Lawyer appeals ruling that blocks U.S. collection of award in Chevron Ecuador case
NEW YORK (Reuters) - A U.S. lawyer on Tuesday appealed a federal judge's ruling that he used fraud to secure a multibillion-dollar pollution judgment against Chevron Corp in Ecuador, a decision that bars him from collecting a $9.5 billion award in the United States.
Lawyer Steven Donziger has also asked the judge, U.S. District Judge Lewis Kaplan, to put his ruling on hold while a federal appeals court considers the merits of Donziger's challenge, a process that will likely take months to resolve.
Kaplan issued a nearly 500-page decision earlier this month finding that Donziger had used "corrupt means," including bribery, in pursuit of an $18 billion judgment against Chevron in 2011 on behalf of a group of villagers who claimed the oil giant polluted an area of northeastern Ecuador.
Ecuador's high court cut the judgment in half to $9.5 billion last year.
The decision, which followed a six-week non-jury trial last fall in New York, bars Donziger and the villagers from seeking to collect on the judgment in the United States. Chevron has also said it will use the ruling as ammunition to fight attempts by the villagers to go after the company's assets in other countries.
In a court filing on Tuesday, Donziger's lawyer said Kaplan's ruling was unlikely to survive review from the 2nd U.S. Circuit Court of Appeals.
"This court's decision in this case is without precedent," Donziger's lawyer wrote in a court filing on Tuesday. "It seeks to preemptively undermine the judicial decree of a foreign sovereign nation and, in so doing, to let Chevron Corporation off the hook for decades of deliberate pollution in the Amazon rainforest."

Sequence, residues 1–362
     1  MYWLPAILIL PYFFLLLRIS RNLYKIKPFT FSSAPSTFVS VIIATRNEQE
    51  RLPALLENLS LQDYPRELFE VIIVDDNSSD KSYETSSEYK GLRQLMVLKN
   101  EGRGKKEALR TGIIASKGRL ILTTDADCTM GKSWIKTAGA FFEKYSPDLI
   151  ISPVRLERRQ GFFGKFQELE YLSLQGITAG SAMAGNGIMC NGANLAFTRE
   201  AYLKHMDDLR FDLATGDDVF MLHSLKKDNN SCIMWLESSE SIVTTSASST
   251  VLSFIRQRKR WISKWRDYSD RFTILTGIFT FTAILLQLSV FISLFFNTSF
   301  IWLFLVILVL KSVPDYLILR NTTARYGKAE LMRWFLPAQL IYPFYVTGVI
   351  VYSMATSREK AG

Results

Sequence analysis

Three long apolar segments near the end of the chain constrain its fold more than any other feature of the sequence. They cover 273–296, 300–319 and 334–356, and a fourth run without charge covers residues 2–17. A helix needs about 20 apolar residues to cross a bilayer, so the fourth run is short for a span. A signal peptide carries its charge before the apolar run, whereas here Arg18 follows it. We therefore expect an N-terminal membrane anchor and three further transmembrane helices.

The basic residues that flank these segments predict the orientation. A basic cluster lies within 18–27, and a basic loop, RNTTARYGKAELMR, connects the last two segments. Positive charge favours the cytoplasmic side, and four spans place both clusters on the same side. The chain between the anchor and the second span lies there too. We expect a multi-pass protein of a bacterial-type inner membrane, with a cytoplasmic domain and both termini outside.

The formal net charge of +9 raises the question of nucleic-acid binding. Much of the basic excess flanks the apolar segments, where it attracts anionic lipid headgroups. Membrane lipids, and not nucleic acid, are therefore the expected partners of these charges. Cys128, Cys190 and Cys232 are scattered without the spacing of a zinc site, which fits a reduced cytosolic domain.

If Kaplan denies the request for a stay, Donziger will seek one from the 2nd Circuit, according to the filing.
In a statement, a Chevron spokesman said Donziger should accept the court's ruling.
"This is yet another attempt by Steven Donziger to evade the court's well-supported findings and avoid taking responsibility for his actions," the spokesman, Morgan Crinklaw, said. "The court's nearly 500-page opinion and judgment capture in extraordinary detail the defendants' unlawful scheme."
The case centers on an oil field at a site, known as Lago Agrio, where Texaco operated from 1964 to 1992. Chevron later acquired Texaco.
Chevron has asserted that Texaco cleaned up the site before handing it over to a state-controlled company.
In 2011, Ecuadorean Judge Nicolas Zambrano ruled in the villagers' favor. Chevron, claiming the judgment was a result of fraud, eventually filed a racketeering lawsuit against Donziger in New York that led to last year's trial.
In his opinion, Kaplan concluded that Donziger's team bribed a former judge to ghost-write the Ecuadorean judgment, among other improprieties.
Donziger has repeatedly accused Kaplan of bias and claimed the judge allowed personal animosity toward Donziger to affect his decision. He has denied the bribery and fraud allegations.
The case is Chevron Corp v. Steven Donziger et al, U.S. District Court for the Southern District of New York, No. 11-0691.
(Reporting by Joseph Ax; Editing by Cynthia Osterman)